Echoes of Kindness

God has been speaking to me lately through what Margaret Feinberg calls “sacred echoes.”

A sacred echo is a word, an idea, an image, or a message that God wants to get through to you, no matter how many subtle (and often not so subtle) reminders it takes. Margaret writes, “And like an echo, God often uses the repetitive events and themes in daily life to get my attention and draw me closer to himself.” – The Sacred Echo

Last week after an emotional bus-missing incident, I heard God tell me to “relinquish burnout” and release my identity as a victim.

Then, during my church service here in Guatemala, God gave me the phrase,”Trust the spark,” encouraging me to trust myself and His work within me. 

I later discovered my pastor in San Diego simultaneously gave a message on “releasing the identity of victim.” 
I also happened to be reading an excellent book on how to live wholeheartedly by Brene Brown called The Gifts of Imperfection (more on this later). The day after God whispered “Trust the spark” to me, I read in Brene’s book that one of the key ingredients in a life of courage, compassion, and connection (things we all want) is cultivating a resilient spirit. Resilience. Trust in yourself. Believing in your own abilities. Releasing a sense of powerlessness. Letting go of your identity as a victim. A bit like trusting the spark?
Hmm. I’m sensing a common thread here. 
I guess God really wants me to get this, huh?

I had this post all planned out yesterday. I jotted down some (almost) illegible notes while riding the bus back from the City. 
I was going to title the piece “A Sacred Echo To Get Off My Butt (…butt) (…butt).” I was going to write about how I really just need to get my act together and trust myself more. How I need to dig down deep, get off my butt, and stop feeling sorry for myself. How I already know this stuff; what I really need is to put it in practice.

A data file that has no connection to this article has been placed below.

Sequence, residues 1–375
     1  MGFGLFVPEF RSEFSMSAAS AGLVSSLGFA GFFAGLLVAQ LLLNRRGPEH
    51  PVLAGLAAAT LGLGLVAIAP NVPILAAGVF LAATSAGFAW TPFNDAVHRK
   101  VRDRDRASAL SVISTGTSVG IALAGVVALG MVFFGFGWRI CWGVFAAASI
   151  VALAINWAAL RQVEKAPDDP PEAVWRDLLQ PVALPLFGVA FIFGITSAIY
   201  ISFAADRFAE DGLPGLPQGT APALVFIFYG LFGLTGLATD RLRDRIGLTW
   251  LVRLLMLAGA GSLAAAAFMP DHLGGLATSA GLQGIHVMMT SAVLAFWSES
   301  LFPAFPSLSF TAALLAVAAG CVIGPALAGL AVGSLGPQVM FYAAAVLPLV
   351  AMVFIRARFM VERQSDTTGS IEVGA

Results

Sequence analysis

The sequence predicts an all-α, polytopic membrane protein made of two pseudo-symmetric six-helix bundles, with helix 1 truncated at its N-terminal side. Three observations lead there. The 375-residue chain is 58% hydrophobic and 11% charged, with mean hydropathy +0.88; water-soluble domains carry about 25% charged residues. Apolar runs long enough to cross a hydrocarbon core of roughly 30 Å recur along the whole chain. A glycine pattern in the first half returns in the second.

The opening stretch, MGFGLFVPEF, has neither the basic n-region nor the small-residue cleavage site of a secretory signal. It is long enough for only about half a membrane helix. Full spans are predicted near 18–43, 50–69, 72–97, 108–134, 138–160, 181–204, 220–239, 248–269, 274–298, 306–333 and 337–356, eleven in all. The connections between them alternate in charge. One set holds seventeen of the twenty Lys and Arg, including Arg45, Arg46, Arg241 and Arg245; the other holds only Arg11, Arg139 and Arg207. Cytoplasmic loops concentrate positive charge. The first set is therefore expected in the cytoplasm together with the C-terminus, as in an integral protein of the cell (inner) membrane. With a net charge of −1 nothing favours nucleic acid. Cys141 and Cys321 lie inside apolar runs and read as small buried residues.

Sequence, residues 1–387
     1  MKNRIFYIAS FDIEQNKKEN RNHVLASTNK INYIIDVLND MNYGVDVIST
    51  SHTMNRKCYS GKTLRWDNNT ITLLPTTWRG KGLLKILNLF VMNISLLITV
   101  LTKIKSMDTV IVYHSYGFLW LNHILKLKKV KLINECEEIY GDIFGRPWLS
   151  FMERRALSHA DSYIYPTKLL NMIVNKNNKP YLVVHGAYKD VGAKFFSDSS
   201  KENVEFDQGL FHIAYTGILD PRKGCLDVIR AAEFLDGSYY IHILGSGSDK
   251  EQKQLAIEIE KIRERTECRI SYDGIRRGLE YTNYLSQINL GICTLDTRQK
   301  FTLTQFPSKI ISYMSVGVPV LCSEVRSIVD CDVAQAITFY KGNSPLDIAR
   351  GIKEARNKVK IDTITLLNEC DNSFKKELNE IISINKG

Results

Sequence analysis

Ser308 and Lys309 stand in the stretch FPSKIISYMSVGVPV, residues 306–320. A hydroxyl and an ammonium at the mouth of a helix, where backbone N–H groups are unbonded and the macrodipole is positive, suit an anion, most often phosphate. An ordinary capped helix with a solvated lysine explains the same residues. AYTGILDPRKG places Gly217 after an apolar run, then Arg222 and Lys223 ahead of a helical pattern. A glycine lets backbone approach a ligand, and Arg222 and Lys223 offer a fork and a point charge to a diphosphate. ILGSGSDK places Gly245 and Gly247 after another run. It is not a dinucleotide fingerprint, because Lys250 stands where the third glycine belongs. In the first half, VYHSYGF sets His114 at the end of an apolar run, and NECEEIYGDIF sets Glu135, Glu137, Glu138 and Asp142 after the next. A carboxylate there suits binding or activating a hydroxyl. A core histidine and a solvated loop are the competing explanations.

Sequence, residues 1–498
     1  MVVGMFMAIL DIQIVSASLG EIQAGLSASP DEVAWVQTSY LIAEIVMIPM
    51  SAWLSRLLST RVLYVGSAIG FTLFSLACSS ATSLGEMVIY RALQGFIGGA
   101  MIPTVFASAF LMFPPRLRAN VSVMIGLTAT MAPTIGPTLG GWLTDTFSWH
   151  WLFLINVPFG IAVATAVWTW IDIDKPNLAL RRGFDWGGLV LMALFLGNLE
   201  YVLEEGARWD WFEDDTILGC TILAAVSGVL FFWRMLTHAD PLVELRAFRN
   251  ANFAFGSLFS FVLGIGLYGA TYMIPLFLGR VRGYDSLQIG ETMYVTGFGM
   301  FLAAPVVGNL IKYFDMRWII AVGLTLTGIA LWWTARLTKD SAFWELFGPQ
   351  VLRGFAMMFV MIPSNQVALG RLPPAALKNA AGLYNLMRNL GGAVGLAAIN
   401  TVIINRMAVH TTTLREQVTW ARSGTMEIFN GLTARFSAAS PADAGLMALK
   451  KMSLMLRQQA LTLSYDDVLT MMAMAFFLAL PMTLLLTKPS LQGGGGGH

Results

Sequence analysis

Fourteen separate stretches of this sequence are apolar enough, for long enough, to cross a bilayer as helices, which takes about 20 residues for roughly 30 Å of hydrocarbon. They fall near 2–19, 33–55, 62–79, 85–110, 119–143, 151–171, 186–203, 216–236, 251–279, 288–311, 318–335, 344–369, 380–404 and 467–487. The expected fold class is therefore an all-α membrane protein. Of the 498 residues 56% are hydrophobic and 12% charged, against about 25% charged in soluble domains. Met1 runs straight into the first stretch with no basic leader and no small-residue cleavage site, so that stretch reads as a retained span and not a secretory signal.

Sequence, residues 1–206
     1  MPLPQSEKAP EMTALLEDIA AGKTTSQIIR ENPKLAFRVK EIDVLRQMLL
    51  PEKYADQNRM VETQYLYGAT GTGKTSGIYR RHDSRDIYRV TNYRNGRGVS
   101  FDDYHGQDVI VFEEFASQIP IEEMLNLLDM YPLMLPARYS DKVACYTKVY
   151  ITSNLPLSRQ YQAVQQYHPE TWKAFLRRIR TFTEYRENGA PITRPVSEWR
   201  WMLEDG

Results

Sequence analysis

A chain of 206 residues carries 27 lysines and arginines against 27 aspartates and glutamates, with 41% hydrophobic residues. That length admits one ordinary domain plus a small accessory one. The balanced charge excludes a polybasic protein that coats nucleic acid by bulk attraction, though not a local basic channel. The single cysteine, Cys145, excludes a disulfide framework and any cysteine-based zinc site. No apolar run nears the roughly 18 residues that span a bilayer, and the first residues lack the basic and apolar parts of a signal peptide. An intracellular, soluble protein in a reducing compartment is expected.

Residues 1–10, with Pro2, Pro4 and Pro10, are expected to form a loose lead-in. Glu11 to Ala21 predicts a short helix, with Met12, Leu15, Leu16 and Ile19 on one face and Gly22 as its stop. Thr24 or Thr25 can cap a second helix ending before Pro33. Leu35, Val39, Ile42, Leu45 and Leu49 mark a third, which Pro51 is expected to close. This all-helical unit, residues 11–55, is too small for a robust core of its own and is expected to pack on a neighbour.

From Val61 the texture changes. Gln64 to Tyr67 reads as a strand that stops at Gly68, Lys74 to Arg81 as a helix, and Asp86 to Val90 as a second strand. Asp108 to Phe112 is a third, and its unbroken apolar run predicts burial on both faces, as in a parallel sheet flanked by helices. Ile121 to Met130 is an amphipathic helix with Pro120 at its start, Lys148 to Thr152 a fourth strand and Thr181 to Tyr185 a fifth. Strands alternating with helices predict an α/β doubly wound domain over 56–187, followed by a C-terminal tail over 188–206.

But I realized that’s not God’s voice, or tone. That’s mine. After a moment of heat-flushed Holy Spirit gratitude, I immediately shifted into judgment gear. Yes, I was glad He spoke, but a part of my ego was wounded.

Shouldn’t I already know how to be resilient? Shouldn’t I remember that God is working in me? Yes, His words are nice and all, but shouldn’t I have been able to heal myself already or trust God enough to be healed already or been able to just listen to what He says to get better already?

Even when God spoke, I defaulted to shame. Shame that I haven’t really known how to navigate my life with grace and trust. Shame for blundering between hope and despair. Good days and bad days. For being discouraged with my progress. For not being able to “get it” already.

It comes back to the question I posed earlier: I guess God really wants me to get this, huh?

I first wrote this question flippantly, like I must be some kind of numbskull if it takes this many echoes to get my attention. I meant it half-jokingly and about a quarter just to move the narrative along, but I also wrote it in an attempt to cover up something deeper and scarier: shame.